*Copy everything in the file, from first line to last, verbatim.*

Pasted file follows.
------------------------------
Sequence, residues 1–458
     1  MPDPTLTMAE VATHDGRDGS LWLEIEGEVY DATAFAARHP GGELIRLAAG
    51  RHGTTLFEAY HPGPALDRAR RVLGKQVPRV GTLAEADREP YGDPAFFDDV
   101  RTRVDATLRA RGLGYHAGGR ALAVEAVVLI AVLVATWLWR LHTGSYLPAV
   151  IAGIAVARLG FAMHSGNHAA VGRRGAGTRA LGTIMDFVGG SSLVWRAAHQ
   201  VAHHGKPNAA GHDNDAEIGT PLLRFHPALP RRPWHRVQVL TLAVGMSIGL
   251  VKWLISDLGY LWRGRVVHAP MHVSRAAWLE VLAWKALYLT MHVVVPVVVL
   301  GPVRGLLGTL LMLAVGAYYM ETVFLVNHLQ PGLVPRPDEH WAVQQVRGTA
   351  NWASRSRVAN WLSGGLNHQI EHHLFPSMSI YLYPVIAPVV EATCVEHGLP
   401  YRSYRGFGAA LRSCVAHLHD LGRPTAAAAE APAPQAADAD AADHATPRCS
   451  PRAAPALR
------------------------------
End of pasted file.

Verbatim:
Sequence, residues 1–458
     1  MPDPTLTMAE VATHDGRDGS LWLEIEGEVY DATAFAARHP GGELIRLAAG
    51  RHGTTLFEAY HPGPALDRAR RVLGKQVPRV GTLAEADREP YGDPAFFDDV
   101  RTRVDATLRA RGLGYHAGGR ALAVEAVVLI AVLVATWLWR LHTGSYLPAV
   151  IAGIAVARLG FAMHSGNHAA VGRRGAGTRA LGTIMDFVGG SSLVWRAAHQ
   201  VAHHGKPNAA GHDNDAEIGT PLLRFHPALP RRPWHRVQVL TLAVGMSIGL
   251  VKWLISDLGY LWRGRVVHAP MHVSRAAWLE VLAWKALYLT MHVVVPVVVL
   301  GPVRGLLGTL LMLAVGAYYM ETVFLVNHLQ PGLVPRPDEH WAVQQVRGTA
   351  NWASRSRVAN WLSGGLNHQI EHHLFPSMSI YLYPVIAPVV EATCVEHGLP
   401  YRSYRGFGAA LRSCVAHLHD LGRPTAAAAE APAPQAADAD AADHATPRCS
   451  PRAAPALR